Various studies in the last few decades have shown exercise to be addition to or substitute for antidepressant medications, according to Harvard Medical SchoolOff Site Icon.
One of the studies indicated that aerobic activities – such as brisk walking for 35 minutes a day, five days a week, or an hour a day three times a week – made a marked difference on mild to moderate depression symptoms, according to the school. People who walked fast for only 15 minutes five days a week or did stretching exercises three times a week did not feel the same positive effects on their depression symptoms.
Overall the studies have shown that frequently doing aerobic exercise seemed to be more effective than more mild activities, such as stretching, when working to fight depressions.
Exercise is a planned, structured and repetitive body movement done to improve or maintain physical fitness.
The word “exercise” may make you think of running laps around the gym. But exercise includes a wide range of activities that boost your activity level to help you feel better.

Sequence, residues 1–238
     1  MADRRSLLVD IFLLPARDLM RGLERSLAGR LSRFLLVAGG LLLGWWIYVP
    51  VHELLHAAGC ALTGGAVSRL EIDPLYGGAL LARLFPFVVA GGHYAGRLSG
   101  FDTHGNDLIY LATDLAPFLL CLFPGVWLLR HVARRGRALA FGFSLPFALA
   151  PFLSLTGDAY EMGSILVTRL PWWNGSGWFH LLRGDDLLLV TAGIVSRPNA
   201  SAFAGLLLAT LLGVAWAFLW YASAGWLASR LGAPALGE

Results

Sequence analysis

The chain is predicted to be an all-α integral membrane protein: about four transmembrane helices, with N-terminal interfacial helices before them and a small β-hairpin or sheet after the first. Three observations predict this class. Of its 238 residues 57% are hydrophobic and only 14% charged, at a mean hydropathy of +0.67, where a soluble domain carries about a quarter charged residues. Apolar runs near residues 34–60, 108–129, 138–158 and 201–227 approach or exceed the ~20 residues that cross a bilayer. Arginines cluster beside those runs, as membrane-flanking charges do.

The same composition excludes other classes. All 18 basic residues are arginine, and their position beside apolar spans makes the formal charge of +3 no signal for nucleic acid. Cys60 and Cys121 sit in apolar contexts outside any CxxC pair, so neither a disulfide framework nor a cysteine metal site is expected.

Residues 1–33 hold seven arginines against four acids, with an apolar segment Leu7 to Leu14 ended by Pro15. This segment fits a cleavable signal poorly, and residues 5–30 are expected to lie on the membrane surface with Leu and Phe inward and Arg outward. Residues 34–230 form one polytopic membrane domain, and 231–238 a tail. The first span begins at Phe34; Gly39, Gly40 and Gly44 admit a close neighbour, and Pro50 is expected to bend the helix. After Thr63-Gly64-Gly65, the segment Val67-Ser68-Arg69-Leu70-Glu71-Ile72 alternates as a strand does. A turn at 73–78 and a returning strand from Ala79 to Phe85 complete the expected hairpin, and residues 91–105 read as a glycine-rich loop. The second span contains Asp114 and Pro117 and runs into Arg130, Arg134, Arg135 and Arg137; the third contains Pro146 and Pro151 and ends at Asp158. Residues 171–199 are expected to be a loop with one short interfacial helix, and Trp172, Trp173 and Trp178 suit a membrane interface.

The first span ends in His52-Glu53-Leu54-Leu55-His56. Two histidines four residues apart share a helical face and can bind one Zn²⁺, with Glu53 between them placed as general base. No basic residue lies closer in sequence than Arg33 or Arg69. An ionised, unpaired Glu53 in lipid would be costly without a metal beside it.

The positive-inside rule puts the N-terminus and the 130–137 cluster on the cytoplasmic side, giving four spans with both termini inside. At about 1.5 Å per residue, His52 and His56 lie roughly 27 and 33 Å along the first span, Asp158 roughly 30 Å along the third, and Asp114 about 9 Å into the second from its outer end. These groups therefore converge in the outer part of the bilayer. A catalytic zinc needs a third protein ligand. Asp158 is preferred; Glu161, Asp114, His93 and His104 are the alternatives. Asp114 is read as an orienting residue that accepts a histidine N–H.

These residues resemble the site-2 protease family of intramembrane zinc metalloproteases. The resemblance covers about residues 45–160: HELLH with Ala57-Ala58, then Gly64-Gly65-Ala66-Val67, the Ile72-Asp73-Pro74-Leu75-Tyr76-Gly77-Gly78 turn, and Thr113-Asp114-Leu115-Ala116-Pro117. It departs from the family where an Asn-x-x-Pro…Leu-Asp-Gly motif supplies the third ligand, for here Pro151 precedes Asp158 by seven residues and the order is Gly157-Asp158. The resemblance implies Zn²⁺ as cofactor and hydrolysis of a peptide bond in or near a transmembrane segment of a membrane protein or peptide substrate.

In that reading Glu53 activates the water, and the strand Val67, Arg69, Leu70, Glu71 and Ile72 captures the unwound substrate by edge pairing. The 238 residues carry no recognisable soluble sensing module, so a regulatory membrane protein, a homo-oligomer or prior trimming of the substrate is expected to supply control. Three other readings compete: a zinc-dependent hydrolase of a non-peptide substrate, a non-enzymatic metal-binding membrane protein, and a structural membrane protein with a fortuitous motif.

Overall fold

Certainly running, lifting weights, playing basketball and other fitness activities that get your heart pumping can help. But so can physical activity such as gardening, washing your car, walking around the block or engaging in other less intense activities. Any physical activity that gets you off the couch and moving can help improve your mood.
You don’t have to do all your exercise or other physical activity at once. Broaden how you think of exercise and find ways to add small amounts of physical activity throughout your day. For example, take the stairs instead of the elevator. Park a little farther away from work to fit in a short walk. Or, if you live close to your job, consider biking to work.
It appears that any form of exercise can help depression. Some examples of moderate exercise include:
Golf (walking instead of using the cart)
Housework, especially sweeping, mopping, or vacuuming
Jogging at a moderate pace
Yard work, especially mowing or raking